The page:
Let’s start with PSA. (I’m going to use the term elevated PSA here, although that’s a bit of a misnomer because PSA is a continuous variable.) Most people with an elevated PSA don’t have prostate cancer. If you put a man with an elevated PSA on finasteride, his PSA goes down. But if that man has prostate cancer, which is responsible for more PSA production, and you put him on finasteride, his PSA won’t really go down that much. So the group of men taking finasteride who have the highest levels of PSA is rich with cancer cases, and because PSA is directly proportional to the risk of high-grade disease, you have more cases of high-grade disease.
So a prostate cancer patient’s PSA level is not affected by finasteride?
The PSA is less affected than it would be in a man without prostate cancer. If you compare a man whose PSA level does not change when he’s on finasteride to a man whose PSA level falls by 65% or more while on finasteride, you’ll find that the risk of prostate cancer and of high-grade disease is three times less in the man whose PSA level falls. It’s a stepwise phenomenon, so for someone whose PSA drops by 50% to 64%, the risk is about 2.3 times less. I haven’t published these findings yet, but I have presented them — and they may have clinical implications. If a man walks into his doctor’s office with a higher PSA, the doctor could put him on finasteride and see what happens rather than immediately subject him to a potentially unnecessary prostate biopsy.
How does finasteride affect a DRE?
It turns out that the DRE is significantly more sensitive for cancer detection in someone on finasteride than in someone who isn’t. DRE sensitivity was also greater for detecting high-grade disease, but not statistically so, because DRE is such an imprecise test and because there are relatively few high-grade cancers. [See “Finasteride and DRE,” below.]
Finasteride and DRE
Thompson IM, Tangen CM, Goodman PJ, et al. Finasteride Improves the Sensitivity of Digital Rectal Examination for Prostate Cancer Detection. Journal of Urology 2007;177:1749–52. PMID: 17437804.
So finasteride shrinks benign glandular tissue and leaves the cancer unchecked, making it easier to feel any nodules?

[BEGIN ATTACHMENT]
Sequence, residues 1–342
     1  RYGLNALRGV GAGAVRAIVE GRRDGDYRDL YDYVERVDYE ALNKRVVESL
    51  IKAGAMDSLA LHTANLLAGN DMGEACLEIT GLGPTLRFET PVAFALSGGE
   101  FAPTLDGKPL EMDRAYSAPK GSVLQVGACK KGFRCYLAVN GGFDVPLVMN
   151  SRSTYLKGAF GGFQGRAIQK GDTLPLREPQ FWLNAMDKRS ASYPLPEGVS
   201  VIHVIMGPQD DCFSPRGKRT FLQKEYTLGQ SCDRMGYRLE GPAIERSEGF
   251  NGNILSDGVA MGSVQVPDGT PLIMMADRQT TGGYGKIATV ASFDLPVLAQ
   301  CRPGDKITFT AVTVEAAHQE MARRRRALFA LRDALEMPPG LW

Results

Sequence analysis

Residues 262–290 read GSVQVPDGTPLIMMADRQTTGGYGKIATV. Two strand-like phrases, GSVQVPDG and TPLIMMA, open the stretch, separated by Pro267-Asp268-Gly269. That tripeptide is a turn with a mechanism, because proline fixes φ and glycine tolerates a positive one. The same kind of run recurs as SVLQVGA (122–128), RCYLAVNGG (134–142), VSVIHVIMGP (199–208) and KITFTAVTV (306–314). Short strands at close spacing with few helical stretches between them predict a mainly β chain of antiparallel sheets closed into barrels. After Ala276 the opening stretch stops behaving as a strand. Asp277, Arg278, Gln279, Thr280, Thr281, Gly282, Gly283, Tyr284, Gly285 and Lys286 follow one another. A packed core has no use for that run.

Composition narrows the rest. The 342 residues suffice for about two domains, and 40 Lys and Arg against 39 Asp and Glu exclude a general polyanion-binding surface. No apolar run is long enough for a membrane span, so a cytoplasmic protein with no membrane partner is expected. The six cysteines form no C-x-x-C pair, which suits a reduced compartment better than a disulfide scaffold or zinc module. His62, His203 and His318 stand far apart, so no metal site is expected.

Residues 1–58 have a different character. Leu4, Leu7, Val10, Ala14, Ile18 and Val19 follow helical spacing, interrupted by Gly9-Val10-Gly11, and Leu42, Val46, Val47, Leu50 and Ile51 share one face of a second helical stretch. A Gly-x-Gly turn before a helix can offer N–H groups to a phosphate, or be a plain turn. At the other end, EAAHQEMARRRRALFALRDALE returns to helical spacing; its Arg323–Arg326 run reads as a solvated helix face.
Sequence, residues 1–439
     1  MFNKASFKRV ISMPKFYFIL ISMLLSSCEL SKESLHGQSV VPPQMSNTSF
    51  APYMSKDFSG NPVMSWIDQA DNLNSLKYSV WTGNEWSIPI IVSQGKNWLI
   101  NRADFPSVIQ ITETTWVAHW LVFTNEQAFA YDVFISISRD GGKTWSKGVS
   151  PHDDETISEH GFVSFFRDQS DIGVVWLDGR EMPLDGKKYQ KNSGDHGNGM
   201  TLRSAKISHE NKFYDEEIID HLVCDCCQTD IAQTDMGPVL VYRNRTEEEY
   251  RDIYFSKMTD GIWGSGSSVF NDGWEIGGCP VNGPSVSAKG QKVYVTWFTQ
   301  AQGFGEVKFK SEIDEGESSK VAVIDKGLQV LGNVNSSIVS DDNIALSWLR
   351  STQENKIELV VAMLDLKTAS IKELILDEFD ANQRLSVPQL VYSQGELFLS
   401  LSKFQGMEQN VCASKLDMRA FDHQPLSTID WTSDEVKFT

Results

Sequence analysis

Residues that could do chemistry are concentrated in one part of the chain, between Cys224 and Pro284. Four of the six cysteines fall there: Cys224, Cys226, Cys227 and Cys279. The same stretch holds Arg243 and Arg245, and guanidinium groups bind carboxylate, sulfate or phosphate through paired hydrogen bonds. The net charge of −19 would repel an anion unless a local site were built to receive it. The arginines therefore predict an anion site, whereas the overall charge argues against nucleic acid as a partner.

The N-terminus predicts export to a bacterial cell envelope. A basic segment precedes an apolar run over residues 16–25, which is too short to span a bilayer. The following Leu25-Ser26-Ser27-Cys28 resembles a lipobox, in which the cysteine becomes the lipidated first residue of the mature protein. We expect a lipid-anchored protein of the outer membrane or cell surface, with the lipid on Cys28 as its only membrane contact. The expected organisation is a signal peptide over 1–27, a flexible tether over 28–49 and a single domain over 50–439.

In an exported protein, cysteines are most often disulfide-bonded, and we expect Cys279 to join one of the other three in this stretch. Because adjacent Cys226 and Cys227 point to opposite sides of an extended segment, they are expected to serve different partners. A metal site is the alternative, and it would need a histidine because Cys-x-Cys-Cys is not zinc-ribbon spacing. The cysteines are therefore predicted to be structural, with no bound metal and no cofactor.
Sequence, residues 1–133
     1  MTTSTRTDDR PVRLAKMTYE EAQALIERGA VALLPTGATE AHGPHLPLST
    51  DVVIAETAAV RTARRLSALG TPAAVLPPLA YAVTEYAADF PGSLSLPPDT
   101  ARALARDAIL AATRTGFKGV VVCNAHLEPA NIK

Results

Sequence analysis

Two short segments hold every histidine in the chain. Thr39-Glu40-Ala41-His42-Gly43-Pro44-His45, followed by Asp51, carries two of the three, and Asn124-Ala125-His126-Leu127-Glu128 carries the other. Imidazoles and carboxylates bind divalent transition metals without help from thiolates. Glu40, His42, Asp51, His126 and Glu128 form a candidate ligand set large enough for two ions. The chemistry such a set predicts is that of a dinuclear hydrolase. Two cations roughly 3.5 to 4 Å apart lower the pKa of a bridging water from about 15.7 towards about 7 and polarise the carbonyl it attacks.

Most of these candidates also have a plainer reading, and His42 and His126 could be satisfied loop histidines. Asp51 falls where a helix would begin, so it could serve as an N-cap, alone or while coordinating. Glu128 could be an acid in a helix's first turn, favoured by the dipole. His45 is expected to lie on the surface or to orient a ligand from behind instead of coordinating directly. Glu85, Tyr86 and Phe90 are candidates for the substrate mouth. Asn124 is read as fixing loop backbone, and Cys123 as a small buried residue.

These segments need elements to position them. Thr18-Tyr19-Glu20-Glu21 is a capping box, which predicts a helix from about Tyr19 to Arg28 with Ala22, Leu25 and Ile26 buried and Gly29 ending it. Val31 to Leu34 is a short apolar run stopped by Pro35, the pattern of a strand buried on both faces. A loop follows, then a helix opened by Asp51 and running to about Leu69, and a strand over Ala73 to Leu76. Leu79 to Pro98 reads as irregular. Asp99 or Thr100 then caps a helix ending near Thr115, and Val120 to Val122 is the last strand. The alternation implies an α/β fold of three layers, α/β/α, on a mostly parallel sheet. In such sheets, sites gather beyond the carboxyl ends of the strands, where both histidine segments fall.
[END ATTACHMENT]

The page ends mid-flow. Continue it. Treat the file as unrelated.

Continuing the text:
Yes. And it turns out that if there is high-grade cancer in the prostate, the likelihood that a biopsy will find it is greater in men taking finasteride than in those who don’t. That’s simply because there is less normal tissue surrounding that cancer; in the PCPT participants, finasteride reduced prostate volume by an average of 24%.
As part of the PCPT, our pathology lab examined radical prostatectomy specimens from 528 participants — 222 from the finasteride group and 306 from the placebo group. (There were more of them in the placebo arm than in the finasteride arm simply because there were more cancers in the placebo arm.) With the samples from radical prostatectomy, we could determine the true grade of the cancer because we had the whole gland. With biopsies, you just get small tissue samples. When high-grade disease was present in the prostatectomy sample, we compared that finding to the biopsy sample. For men in the placebo arm, the biopsy found high-grade cancer about 50% of the time. For men in the finasteride arm, the biopsy found it 70% of the time. That means finasteride increased the sensitivity of biopsies for the detection of high-grade disease.
So that explains the original finding — that there were more cases of high-grade tumors in the finasteride group?
We think so, and our group and another group at the NCI [National Cancer Institute] have published reports of studies that support these conclusions. One study looked at how biases affected risk. If we adjust for the PSA bias, the DRE bias, and the biopsy bias that I just described, the risk of prostate cancer with finasteride drops by 30%, instead of 25%. For low-grade disease (Gleason 6 or less), it’s a 34% risk reduction, and for high-grade disease (Gleason 7 or higher), it turns out to be a 27% risk reduction.